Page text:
Toward Web 2.0 Integration in Indonesian Education: Challenges and Planning Strategies

Toward Web 2.0 Integration in Indonesian Education: Challenges and Planning Strategies

Agus Mutohar (The University of Texas at Austin, USA) and Joan E. Hughes (The University of Texas at Austin, USA)
DOI: 10.4018/978-1-4666-2515-0.ch008
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Numerous efforts have been made to reform education to address globalization both in developed and developing countries. The integration of technology in education has been one vital reform effort in developing countries to prepare graduates for 21st century workplaces, which are digitally robust. Web 2.0 technologies are becoming prominent educational and workplace tools. This literature review of Indonesian government policies, NGO initiative reports, and contemporary research explores the integration of Web 2.0 in Indonesian education using an ecological perspective by introducing the Indonesian national educational policy and laws, describing national and non-government organizations’ initiatives focused on Web 2.0 integration, identifying salient national and local challenges preventing Web 2.0 integration, and proposing strategies for future planning and research. Challenges identified include lack of technological facilities, an absence of technology standards in education, a standardized testing culture, lack of coordination between government levels (national to local), lack of professional development, and a need for strong school technology leadership. The authors recommend Indonesia engage in comprehensive, visionary planning for Web 2.0 integration with strategies to meet local needs, invest in professional development and technology specialist positions, and advance mobile Web 2.0 computing and BYOT/D initiatives. Future research could examine how ecological factors at the national, provincial, and local levels coordinate to best establish Web 2.0 integration in education at the school level.
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In recent years, the integration of digital technology, especially Internet-based technologies, into education has become very important for both developed and developing countries. The earliest form of the Web, Web 1.0, was built through the use of Hypertext Markup Language (HTML) that coded Web pages for transmitting information from experts to the masses, who read or consumed the information. Web 2.0 technologies have been described as the next generation Web, one that organizes itself semantically through user and data connections with tags and linking. Web 2.0 re-characterizes the Internet as a participatory, collaborative, and distributed network of information, content creators, consumers, and organizing features. All users, who now form the center of the Web, materially participate in the generation of content. Such content can be expressed as original, remixes, or commentary and connections. Users also represent their identity(ies) through public or private profiles in the many formal and informal social spaces. Inter-technology data sharing enables distributed practices and collective intelligence to emerge as prominent (Anderson, 2007; Greenhow, Robelia, & Hughes, 2009; O’Reilly, 2005). Web 2.0 includes social media such as Facebook, Google+, Foursquare, and MySpace; bookmarking such as Diigo, Technocrati, Pinterest, and Digg; and other tools such as tagging tools and remixing tools. With the rapid development and dissemination of Web 2.0 tools, developing countries have considered incorporating Web 2.0 tools, such as Web blog, social media, and wiki, in education. Although there are many obstacles preventing integration of Web 2.0 such as lack of computers and Internet in schools, many developing countries still strive to integrate Web 2.0 tools in many ways with the support from governmental agencies and Non-Governmental Organizations (NGO).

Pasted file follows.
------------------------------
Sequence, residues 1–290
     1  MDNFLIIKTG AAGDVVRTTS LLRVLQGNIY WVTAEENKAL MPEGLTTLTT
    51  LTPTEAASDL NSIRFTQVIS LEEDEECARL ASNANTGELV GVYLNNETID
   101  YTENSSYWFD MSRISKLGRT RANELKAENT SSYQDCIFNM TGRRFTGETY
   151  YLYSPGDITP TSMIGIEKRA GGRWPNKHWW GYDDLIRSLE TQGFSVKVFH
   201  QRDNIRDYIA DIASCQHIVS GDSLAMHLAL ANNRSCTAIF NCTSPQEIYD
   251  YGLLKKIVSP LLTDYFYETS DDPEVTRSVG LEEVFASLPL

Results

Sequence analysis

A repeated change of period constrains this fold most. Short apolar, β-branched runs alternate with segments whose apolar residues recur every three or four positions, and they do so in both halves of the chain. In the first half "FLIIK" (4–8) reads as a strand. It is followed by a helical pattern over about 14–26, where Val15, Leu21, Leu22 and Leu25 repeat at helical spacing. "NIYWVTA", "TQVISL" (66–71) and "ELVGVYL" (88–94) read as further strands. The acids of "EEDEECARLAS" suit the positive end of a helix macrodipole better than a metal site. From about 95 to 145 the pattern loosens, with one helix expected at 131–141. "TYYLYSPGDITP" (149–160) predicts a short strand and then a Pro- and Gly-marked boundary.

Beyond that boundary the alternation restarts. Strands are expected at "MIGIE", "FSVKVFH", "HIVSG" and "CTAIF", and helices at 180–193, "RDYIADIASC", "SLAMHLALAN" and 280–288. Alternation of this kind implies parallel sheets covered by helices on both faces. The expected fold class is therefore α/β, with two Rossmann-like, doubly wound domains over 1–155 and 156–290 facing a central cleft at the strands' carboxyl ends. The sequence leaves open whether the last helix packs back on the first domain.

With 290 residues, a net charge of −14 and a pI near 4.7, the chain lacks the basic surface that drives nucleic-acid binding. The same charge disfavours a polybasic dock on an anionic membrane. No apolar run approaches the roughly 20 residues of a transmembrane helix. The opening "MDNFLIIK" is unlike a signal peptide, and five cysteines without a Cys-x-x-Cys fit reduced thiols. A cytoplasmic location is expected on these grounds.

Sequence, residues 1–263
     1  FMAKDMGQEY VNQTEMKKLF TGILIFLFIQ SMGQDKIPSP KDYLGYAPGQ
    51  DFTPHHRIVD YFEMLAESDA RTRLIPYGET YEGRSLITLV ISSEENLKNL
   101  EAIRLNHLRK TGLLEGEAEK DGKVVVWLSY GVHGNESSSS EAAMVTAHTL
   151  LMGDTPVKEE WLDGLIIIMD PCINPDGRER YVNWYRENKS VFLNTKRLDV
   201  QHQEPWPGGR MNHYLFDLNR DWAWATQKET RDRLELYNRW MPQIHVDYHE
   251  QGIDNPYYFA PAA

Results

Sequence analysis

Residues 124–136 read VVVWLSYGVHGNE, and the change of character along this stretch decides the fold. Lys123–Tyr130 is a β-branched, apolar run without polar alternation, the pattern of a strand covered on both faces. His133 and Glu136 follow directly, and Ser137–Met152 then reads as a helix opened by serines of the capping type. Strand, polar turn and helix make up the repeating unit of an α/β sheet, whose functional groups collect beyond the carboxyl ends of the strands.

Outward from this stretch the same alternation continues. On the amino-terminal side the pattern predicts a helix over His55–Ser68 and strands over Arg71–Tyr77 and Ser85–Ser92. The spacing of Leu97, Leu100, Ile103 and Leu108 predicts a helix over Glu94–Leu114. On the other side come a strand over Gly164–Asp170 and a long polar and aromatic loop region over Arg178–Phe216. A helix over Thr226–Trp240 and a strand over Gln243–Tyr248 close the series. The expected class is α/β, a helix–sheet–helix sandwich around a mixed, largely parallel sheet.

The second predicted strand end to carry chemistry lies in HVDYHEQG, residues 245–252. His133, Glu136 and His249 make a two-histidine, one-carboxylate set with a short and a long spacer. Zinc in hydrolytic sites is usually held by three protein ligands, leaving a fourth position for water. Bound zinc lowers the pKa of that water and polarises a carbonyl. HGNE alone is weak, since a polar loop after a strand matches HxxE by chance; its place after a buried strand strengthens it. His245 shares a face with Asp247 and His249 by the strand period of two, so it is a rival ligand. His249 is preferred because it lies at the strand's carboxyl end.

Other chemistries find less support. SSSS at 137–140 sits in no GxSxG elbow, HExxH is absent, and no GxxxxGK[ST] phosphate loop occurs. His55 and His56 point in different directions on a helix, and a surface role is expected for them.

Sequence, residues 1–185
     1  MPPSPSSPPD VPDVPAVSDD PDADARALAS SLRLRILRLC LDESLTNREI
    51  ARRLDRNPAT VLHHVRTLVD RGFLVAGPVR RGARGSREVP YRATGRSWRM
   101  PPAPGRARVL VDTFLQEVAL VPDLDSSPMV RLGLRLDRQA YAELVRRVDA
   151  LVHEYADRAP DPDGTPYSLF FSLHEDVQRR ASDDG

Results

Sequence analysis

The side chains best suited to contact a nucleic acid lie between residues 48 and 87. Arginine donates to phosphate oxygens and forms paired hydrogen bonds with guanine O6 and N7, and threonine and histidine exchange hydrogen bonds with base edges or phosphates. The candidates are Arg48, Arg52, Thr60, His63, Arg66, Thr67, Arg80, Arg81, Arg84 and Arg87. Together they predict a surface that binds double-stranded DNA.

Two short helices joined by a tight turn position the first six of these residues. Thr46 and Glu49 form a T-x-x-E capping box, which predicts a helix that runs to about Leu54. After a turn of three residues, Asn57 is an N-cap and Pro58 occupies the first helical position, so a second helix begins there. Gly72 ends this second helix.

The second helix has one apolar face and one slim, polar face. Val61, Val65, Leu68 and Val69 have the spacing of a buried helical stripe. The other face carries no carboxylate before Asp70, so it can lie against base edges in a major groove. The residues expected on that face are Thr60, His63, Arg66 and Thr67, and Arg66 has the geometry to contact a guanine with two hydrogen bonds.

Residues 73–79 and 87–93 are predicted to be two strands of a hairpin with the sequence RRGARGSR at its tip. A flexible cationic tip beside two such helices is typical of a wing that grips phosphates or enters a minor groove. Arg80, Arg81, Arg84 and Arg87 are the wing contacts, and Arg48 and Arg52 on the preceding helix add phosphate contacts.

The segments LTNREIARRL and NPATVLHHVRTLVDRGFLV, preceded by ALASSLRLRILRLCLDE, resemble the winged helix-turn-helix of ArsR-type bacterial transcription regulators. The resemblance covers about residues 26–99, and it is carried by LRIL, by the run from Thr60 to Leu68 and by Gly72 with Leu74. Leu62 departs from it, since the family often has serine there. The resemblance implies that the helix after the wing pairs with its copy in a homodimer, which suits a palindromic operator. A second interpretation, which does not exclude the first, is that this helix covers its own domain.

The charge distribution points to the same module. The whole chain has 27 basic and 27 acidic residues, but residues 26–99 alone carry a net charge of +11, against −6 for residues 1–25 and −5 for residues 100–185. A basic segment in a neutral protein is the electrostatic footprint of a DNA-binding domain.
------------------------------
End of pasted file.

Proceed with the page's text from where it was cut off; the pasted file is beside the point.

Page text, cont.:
Greenhow, Robelia, and Hughes (2009) state that Web 2.0 holds great promises and challenges for education. Thus, scholarship about Web 2.0 in developing countries is a worthwhile research topic because there will be different patterns in Web 2.0 integration in education between developed and developing countries. Research exploring the potential and challenges of Web 2.0 integration in developing countries is a pressing need. To date, there is a gap of research about Web 2.0 integration in education in developing countries. Current research focuses on policy preparation, such as the importance of careful planning in integrating technology in developing countries (Jhurree, 2005), which offers guidelines for technology integration for developing countries. Developing countries might need to embrace leapfrogging (Harkins, 2008) in order to implement Web 2.0 integration successfully. Leapfrogging is the strategy of jumping to the best innovation adoption condition by which time and costs are saved.

In developing countries like Indonesia, an adoption of technology in education can leverage large improvements in human development through education. Kim, Miranda, and Olaciregui (2008) describe possibilities of incorporating mobile technology to combat illiteracy in underserved area in Latin America. Kim et al. came to the conclusion that mobile devices can provide rich learning material for people in underserved area due to its low cost, portability, and versatile features. In addition, Perraton and Charlotte (2001) assert that the incorporation of new technologies such as Web 2.0 in education can bridge the gap between information rich countries and information poor countries such as the case of Finlandia in using Web (ENO—Environment Online) to raise environmental awareness among students in Finland schools and other schools around the World.

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